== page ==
“Holy Yard Work”

July 10, 2016
Jonathan Rumburg
Revelation 21:1-4, 22:1-5

Introduction

If we have a lawn, it needs to be mowed—either by you, or by someone—lest you find yourself with a visit from local authorities who insist that your yard be tended to.

Mowing the yard, however, is simply the first step.

After mowing, we grab the weed whacker—or in my case you should grad the weed whacker— and then, if we are particularly fussy, we will apply some grass shearers to more delicate areas.  Then we have to drag out the edger, maybe the rake.  Then there are the weeds that never pull themselves.

Maybe back in the spring time some of us rolled our lawn, applied weed killer and pesticides, dug out crabgrass and then spread fertilizer, which, of course, ensures that we will have to begin the whole process over again sooner than later!

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          The word “lawn” does not appear in the Bible.  The word “yard” does, but only as a reference to an enclosed area that functions as a courtyard.  The word “garden,” however, appears about 50 times, and it often refers to a location by a home where the resident could spend leisure time—so in a sense this could be then a person’s own yard.

In our passages for today, garden comes close to this concept of lawn—that which we all tend to.
This is John’s vision of the heavenly New Jerusalem—a beautiful garden and yard where life is good and happy and safe for all who are there.

Now this truly beautiful garden setting, in context of the whole Bible, is meant to imply a restoration of the Garden of Ede all the way back in the book of Genesis.

Eden as we know was a place of direct fellowship with God, and it represented fullness of life— life before it was corrupted by sin and all the accompanying consequences.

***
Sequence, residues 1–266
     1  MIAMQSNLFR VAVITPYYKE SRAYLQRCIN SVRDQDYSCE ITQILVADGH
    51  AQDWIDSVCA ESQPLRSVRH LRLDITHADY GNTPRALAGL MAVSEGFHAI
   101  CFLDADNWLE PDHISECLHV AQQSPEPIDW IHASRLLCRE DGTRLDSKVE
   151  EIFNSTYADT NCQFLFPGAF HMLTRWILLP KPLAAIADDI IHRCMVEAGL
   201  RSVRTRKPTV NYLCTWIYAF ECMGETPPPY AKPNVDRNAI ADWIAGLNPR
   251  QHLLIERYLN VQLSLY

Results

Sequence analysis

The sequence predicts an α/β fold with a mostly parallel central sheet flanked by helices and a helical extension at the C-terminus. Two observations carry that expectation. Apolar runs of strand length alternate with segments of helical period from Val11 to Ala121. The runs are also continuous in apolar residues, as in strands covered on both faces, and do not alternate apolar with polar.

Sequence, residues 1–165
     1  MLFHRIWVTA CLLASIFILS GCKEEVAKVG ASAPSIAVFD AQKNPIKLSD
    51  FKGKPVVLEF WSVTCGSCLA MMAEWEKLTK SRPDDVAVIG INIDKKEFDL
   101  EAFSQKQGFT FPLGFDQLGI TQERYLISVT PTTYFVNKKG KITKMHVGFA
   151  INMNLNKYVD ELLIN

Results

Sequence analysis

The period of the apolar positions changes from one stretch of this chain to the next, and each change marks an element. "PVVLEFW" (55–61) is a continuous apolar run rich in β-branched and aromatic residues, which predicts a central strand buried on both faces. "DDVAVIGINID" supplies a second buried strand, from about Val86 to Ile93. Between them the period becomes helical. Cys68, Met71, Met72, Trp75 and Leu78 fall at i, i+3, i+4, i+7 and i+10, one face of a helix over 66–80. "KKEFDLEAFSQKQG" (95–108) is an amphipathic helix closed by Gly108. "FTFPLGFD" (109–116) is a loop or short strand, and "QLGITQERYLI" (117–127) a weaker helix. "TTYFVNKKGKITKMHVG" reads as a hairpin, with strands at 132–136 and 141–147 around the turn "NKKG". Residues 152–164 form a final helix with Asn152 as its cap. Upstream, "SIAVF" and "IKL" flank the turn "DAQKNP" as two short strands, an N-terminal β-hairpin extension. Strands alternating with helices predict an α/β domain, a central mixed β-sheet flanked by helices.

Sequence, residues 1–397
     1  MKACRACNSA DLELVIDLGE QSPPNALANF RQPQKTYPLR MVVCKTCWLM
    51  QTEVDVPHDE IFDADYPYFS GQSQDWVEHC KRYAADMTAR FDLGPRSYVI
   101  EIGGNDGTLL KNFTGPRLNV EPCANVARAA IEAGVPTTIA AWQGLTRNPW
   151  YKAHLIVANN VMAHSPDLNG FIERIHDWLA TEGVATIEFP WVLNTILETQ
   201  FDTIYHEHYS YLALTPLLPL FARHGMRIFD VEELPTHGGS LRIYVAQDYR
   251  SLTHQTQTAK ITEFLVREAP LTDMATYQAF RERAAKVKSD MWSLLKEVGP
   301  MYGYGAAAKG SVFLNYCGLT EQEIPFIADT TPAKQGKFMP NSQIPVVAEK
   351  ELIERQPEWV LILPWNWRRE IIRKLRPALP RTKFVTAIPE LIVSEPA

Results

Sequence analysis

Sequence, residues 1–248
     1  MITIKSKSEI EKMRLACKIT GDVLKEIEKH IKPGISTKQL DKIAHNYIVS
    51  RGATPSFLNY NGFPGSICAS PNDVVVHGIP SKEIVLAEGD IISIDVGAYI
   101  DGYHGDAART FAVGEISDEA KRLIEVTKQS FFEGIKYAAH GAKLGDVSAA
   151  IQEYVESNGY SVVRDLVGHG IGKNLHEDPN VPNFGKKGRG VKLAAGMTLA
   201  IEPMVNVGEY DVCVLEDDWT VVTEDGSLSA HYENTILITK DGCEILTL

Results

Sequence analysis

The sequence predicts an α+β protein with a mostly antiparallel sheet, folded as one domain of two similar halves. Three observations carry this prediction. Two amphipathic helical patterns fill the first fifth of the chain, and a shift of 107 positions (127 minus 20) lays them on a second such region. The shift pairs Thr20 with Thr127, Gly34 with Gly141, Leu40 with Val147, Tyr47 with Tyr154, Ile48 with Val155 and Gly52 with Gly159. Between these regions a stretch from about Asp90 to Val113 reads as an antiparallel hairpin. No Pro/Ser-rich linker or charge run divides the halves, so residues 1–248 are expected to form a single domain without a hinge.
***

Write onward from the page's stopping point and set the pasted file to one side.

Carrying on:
And now, here in Revelation, the writer speaks of a coming day when Eden, and all that it entails and includes is restored—it will be a New Jerusalem.

The Word of God begins and ends with a garden— a yard with the divine presence; a garden where creation and Creator are one; a garden of communion and companionship; a yard where all children of God are able to live fully in the divine where, “God will wipe every tear from their eyes. Death will be no more; mourning and crying and pain will be no more, for the first things have passed away.”

It is, of course, a garden, a yard, that must be created, and then cared for by those who live in it.

Move 1

          We don’t live in the Garden of Eden anymore, and we haven’t yet arrived at the garden of a New Jerusalem.  This past week as once again reminded us of such.

          We don’t live in the Garden of Eden anymore, and we haven’t yet arrived at the garden of a New Jerusalem.  The killing of more African American men assures us of such.

          We don’t live in the Garden of Eden anymore, and we haven’t yet arrived at the garden of a New Jerusalem.  The murder of five Dallas police officers solidifies such.